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State of New Jersey v. Kenneth G. Lefurge


April 18, 2012


On appeal from the Superior Court of New Jersey, Law Division, Ocean County, Indictment No. 05-04-0558.

Per curiam.


Submitted January 19, 2012

Before Judges Lihotz and St. John.

Defendant Kenneth G. LeFurge, Jr. appeals from the denial of his petition for post-conviction relief (PCR), without the benefit of an evidentiary hearing, arguing:


We affirm.

Defendant was convicted of armed robbery, N.J.S.A. 2C:15-1.*fn1

Defendant, his co-defendant, and a juvenile set up a meeting to buy marijuana, telling the seller, Timothy Schaad, to bring change for a $100 bill. At the meeting, Schaad had not obtained the marijuana and defendant agreed to wait for him to make a call. Defendant then pointed a gun at Schaad's face and demanded he turn over his money. Schaad surrendered $50.

Schaad had never met defendant, but knew the co-defendant. When shown a photo array, Schaad was unable to identify defendant, whom he had never met prior to that evening. He later identified defendant when shown photographs of only defendant and his co-defendant. At trial Schaad was also unable to identify defendant, but he identified the gun as the one that was pointed at his face.

At trial, the juvenile and the co-defendant testified as State's witnesses pursuant to the terms of their respective plea agreements. They identified defendant and testified as to his role in the robbery.

After a two-day trial, the jury convicted defendant. He was sentenced to a fifteen-year prison term, subject to the 85% period of parole ineligibility required by the No Early Release Act (NERA), N.J.S.A. 2C:43-7.2, with a five-year period of parole supervision upon release.

On appeal, we affirmed defendant's conviction and sentence in an unpublished opinion and the Supreme Court denied certification. State v. LeFurge, A-4743-05 (App. Div. August 7, 2007) (slip op. at 20), certif. denied, 195 N.J. 521 (2008).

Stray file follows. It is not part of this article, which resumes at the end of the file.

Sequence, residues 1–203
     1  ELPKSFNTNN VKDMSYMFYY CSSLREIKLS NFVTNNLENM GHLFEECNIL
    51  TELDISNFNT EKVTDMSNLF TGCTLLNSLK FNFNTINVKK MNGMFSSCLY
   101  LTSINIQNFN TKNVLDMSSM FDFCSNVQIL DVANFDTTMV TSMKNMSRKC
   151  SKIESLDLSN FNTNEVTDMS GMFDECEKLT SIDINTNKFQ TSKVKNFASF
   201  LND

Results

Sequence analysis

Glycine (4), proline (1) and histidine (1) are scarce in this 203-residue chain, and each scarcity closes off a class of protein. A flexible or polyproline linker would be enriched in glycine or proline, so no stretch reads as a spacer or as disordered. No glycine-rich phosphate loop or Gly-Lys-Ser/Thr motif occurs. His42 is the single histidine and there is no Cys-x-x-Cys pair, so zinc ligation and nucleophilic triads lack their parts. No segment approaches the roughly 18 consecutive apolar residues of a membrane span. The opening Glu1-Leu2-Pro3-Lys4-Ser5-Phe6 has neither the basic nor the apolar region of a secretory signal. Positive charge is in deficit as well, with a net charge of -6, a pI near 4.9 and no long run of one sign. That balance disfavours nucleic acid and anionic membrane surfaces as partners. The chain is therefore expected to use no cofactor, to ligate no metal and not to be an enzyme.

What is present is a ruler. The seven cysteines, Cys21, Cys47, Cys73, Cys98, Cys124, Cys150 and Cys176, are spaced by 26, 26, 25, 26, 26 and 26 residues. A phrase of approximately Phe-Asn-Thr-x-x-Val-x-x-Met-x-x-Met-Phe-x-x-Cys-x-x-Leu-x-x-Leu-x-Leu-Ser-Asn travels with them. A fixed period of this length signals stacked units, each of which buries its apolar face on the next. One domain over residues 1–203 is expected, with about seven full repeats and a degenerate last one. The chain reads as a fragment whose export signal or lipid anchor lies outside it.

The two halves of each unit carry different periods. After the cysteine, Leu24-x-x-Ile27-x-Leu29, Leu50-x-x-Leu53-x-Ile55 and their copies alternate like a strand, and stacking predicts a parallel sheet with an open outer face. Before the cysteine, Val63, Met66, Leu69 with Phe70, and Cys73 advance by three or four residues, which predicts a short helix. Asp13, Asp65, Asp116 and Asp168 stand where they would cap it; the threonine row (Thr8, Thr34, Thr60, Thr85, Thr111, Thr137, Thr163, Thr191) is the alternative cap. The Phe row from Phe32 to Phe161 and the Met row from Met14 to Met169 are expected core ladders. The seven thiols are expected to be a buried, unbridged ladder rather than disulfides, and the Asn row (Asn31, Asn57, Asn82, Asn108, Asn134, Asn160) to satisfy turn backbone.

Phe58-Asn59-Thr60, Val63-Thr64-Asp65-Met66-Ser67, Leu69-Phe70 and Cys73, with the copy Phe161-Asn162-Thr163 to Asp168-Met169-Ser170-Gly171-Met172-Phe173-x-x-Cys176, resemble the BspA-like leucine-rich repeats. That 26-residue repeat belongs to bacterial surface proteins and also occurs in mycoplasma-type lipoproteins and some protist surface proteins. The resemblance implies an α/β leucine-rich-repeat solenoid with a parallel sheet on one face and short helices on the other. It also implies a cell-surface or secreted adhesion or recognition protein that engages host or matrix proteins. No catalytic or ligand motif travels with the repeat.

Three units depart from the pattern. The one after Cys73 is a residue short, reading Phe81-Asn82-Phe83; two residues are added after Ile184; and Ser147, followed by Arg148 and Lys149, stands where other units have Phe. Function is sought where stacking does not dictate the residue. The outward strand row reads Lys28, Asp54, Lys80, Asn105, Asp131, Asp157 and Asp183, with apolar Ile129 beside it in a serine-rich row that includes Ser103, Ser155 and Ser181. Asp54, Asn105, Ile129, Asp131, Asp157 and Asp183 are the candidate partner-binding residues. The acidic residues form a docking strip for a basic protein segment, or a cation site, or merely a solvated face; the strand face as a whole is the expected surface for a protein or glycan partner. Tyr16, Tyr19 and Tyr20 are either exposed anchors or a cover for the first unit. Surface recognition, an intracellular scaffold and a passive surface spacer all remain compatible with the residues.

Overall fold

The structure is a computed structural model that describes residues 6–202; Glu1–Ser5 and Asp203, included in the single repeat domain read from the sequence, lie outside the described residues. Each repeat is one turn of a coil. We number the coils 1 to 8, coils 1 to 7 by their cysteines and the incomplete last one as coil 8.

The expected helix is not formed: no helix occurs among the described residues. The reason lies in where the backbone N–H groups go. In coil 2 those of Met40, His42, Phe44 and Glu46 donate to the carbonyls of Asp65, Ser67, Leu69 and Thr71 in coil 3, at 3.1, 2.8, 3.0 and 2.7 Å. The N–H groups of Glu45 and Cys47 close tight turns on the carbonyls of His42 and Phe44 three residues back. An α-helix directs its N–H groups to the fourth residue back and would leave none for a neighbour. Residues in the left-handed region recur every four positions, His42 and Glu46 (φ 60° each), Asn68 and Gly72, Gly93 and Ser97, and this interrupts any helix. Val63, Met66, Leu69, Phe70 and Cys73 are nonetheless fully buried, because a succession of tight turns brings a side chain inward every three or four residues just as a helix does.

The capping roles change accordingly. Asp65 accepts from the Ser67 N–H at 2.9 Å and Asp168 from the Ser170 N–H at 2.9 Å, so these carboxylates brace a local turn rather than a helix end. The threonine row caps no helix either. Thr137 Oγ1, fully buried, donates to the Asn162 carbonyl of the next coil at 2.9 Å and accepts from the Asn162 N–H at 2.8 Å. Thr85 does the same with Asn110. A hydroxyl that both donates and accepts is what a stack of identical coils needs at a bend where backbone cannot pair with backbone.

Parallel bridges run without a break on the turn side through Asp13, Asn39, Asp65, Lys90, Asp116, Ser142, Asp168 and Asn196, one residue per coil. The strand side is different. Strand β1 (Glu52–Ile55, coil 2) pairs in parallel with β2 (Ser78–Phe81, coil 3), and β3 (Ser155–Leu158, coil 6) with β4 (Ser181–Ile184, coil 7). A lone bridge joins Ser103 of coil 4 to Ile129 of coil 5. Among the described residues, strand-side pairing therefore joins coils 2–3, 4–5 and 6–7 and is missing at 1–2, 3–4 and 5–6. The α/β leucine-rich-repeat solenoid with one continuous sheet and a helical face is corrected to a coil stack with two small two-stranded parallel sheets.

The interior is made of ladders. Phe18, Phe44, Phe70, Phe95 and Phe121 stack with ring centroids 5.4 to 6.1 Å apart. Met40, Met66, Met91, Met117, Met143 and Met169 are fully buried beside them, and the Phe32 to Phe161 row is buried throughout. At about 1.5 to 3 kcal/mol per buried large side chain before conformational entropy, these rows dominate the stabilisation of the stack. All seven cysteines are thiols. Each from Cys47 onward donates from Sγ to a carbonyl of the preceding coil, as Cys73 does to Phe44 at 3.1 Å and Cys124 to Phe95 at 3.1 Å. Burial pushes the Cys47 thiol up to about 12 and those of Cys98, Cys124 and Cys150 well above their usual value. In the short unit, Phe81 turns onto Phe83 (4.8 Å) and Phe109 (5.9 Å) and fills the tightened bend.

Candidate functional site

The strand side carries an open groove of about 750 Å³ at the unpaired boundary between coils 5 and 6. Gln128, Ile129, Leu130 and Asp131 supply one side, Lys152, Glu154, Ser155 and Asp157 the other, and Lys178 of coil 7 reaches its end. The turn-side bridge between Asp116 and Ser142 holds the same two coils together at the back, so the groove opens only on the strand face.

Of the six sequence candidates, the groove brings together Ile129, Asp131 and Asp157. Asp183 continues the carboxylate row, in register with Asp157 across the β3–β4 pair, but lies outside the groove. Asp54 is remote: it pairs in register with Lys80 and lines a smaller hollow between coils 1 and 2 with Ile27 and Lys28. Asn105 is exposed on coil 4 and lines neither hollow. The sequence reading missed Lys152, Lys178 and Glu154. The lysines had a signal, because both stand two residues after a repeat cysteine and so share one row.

Defendant filed his petition for PCR. Counsel was appointed and filed an amended brief, arguing defendant's trial counsel was ineffective because he failed to: 1) move to suppress the false testimony of the juvenile and his co-defendant; 2) request a Wade*fn2 hearing; and 3) call an alibi witness.*fn3 In his thorough review of these issues, Judge Den Uyl determined the juvenile and co-defendant admitted during cross-examination that they omitted certain facts to protect co-defendant's wife, Crystal, who also was defendant's and the juvenile's cousin. Defendant's complicity in the robbery was established through the testimony of his co-defendant and the juvenile. Next, because Schaad could not indentify defendant at trial, his out-of-court statements, choosing defendant's picture when shown alongside co-defendant's photograph, were not presented to the jury, obviating the need for a Wade hearing. Finally, the judge noted defendant did not disclose the purported alibi witness, the testimony that should have been offered, or why the witness was not called, making his claim meritless. Accordingly, the petition for PCR was denied and an evidentiary hearing was unnecessary. This appeal ensued.